As the Toronto Star’s Product Development Manager, Paul Watson pulls from his diverse experience as both a designer and web developer to support the Star’s journalism on multiple fronts. He previously led the newsroom data visualization team responsible for the design and build of custom digital projects.  

Cameron Tulk is senior digital designer at the Toronto Star, part of the paper’s visualization team. He’s responsible for many of the interactive stories, graphics and charts that appear on thestar.com.

Honourable Mention

APTN Investigates: Quest for Innocence
Aboriginal Peoples Television Network
Reporter: Jorge Barrera
Executive Producers: Mark Blackburn and Francine Compton

APTN team

Rarely do journalists get the opportunity to save lives, but APTN reporter Jorge Barrera did. In 2016, his investigation was instrumental in freeing Connie Oakes, a Cree woman who was wrongfully convicted of murder.

In November 2013, a Medicine Hat, Alberta jury found Connie Oakes guilty of second-degree murder in the death of 48 year-old Casey Armstrong, a man found stabbed, fully clothed, in his bathtub.

Receiving a tip, Barrera began a two-year investigation that would eventually change the course of Connie’s life — and shine a light on the justice system in Medicine Hat.

“Connie killed Casey Armstrong,” Sgt. Brent Secondiak, lead investigator of the Armstrong murder for the Medicine Hat police, said.

“I think the community is safer. I think the process worked in this situation,” Andrea Dolan, Crown prosecutor on the Oakes file, told Barrera.

But Barrera’s story exposed a weak investigation, and a Crown prosecutor who was all too willing to hand an Indigenous woman a life sentence with no hard evidence to back up her case — no murder weapon, DNA, fingerprints or any other type of physical evidence. APTN learned that the evidence police did have, a large bloody boot print found at the scene of the murder, was never tracked back to its owner.

In the end, the Crown’s case against Oakes was constructed entirely on the testimony of a co-accused woman named Wendy Herman Scott, who had signed an agreed statement of facts admitting to be a co-conspirator in the crime, thus granting her a reduced parole eligibility sentence. Scott, a small-time drug dealer in Medicine Hat, has an IQ of 50 and is a compulsive liar. At trial, Barrera discovered that Scott had changed her story on the stand 50 times, of which the Medicine Hat police was well aware.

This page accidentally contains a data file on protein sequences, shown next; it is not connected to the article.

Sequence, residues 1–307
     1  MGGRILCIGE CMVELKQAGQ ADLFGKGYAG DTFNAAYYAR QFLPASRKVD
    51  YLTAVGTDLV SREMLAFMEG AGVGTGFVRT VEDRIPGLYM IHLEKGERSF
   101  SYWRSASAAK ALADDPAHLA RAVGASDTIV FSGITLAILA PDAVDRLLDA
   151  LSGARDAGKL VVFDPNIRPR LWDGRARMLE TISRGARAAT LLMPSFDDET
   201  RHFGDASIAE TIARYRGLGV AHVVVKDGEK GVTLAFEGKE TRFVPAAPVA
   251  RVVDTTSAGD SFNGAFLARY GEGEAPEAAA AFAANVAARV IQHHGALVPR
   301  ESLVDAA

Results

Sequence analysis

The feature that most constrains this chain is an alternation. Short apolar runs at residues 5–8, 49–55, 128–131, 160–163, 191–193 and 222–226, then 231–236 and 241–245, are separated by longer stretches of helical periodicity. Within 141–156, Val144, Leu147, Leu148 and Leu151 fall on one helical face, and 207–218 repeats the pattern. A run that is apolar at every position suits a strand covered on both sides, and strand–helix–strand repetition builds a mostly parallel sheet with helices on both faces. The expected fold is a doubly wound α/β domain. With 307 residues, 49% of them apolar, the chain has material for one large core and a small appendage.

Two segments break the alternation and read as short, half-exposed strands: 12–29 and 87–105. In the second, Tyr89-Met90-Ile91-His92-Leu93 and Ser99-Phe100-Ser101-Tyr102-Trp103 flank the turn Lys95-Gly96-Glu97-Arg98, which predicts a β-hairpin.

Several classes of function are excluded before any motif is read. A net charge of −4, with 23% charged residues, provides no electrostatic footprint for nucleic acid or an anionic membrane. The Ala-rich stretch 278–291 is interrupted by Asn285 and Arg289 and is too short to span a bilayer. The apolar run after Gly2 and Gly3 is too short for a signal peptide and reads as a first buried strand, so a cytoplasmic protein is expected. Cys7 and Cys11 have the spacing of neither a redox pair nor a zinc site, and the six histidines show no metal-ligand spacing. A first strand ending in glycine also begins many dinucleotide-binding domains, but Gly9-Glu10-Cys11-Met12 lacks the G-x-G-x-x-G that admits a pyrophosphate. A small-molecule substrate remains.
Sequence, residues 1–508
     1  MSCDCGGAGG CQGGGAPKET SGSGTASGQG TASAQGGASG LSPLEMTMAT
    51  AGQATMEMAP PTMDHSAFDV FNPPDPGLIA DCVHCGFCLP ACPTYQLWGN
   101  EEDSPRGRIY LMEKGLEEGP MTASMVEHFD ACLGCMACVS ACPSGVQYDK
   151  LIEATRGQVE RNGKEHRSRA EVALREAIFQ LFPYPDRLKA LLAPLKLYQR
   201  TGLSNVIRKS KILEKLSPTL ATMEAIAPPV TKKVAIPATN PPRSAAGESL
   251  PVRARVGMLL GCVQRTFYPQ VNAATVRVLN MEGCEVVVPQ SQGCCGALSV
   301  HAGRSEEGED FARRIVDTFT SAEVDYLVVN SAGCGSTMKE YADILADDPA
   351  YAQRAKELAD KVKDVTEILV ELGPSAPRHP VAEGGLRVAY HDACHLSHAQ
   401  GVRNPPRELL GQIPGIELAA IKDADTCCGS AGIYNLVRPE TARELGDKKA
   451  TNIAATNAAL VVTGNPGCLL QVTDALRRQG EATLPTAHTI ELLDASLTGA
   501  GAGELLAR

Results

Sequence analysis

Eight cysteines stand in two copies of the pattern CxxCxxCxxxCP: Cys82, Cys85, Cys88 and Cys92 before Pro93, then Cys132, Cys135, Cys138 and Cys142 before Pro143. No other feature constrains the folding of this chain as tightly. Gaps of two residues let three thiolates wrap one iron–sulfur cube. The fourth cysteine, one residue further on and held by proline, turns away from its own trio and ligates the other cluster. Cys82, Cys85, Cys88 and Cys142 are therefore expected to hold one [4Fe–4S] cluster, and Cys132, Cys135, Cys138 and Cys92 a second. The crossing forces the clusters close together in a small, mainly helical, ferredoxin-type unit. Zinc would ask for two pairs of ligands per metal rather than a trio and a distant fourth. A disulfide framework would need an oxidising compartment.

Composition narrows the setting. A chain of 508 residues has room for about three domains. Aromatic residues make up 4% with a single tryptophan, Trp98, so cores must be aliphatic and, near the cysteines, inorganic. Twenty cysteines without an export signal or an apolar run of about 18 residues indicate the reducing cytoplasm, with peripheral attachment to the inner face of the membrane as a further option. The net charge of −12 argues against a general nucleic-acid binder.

APTN went to court to obtain the release of Wendy Scott’s police interrogation tapes. After months of legal wrangling, APTN was able to secure three minutes of her interrogation. The footage shows a fidgeting Scott accusing three different people of the murder (including Oakes), telling investigators that she is special needs, and revealing that she was never able to keep her story straight — as played out during the trial.

Barrera also uncovered a potential suspect in Armstrong’s murder after obtaining a prosecutor’s case summary. This summary was never filed in court, was never made part of any public record, nor was ever reported on by media before APTN’s stories. It identified a red car police believe was used in the murder. Barrera tracked down its owner, a woman by the name of Ginger.

Coincidentally, in its April 6, 2016 majority decision overturning Oakes’ conviction and granting her a new trial, the Alberta Court of Appeal also suggested Ginger was a potential suspect in the killing of Armstrong.  The Crown requested a stay of the second-degree charge against Oakes; it was granted on April 28, 2016.

Connie Oakes, who is from the Nekaneet First Nation in Saskatchewan, has publicly thanked APTN and Jorge Barrera for their persistent coverage and believes the network’s investigation played a major role in setting her free.

During the Oakes appeal hearing, the Crown prosecutor handling the case told the courts that a review of how the Medicine Hat Police Service handled the Casey Armstrong murder case was likely.

Connie Oakes was not allowed to see her son while he suffered from cancer and died while she was in prison. She was not allowed to attend his funeral.

If not for Jorge Barrera’s meticulous, dogged investigation it is possible that Connie Oakes would still be in prison today.

Jorge Barrera is a journalist with APTN National News. He has worked across the country and internationally. Before joining APTN, Barrera worked for Canwest News Service, Sun Media and the Moncton Times & Transcript. Barrera also worked in Caracas, Venezuela, for an English-language daily. He won a 2011 Canadian Association of Journalist award and was the J-Source 2012 newsperson of the year.

Mark Blackburn has been with APTN National News for eight years. Before coming to APTN he worked at CBC in Newfoundland and Labrador and Ottawa.

Francine Compton is the Executive Producer for APTN National News in the east, aptnnews.ca and APTN’s political show, Nation to Nation. Francine is a proud member of the Sandy Bay First Nation in Manitoba.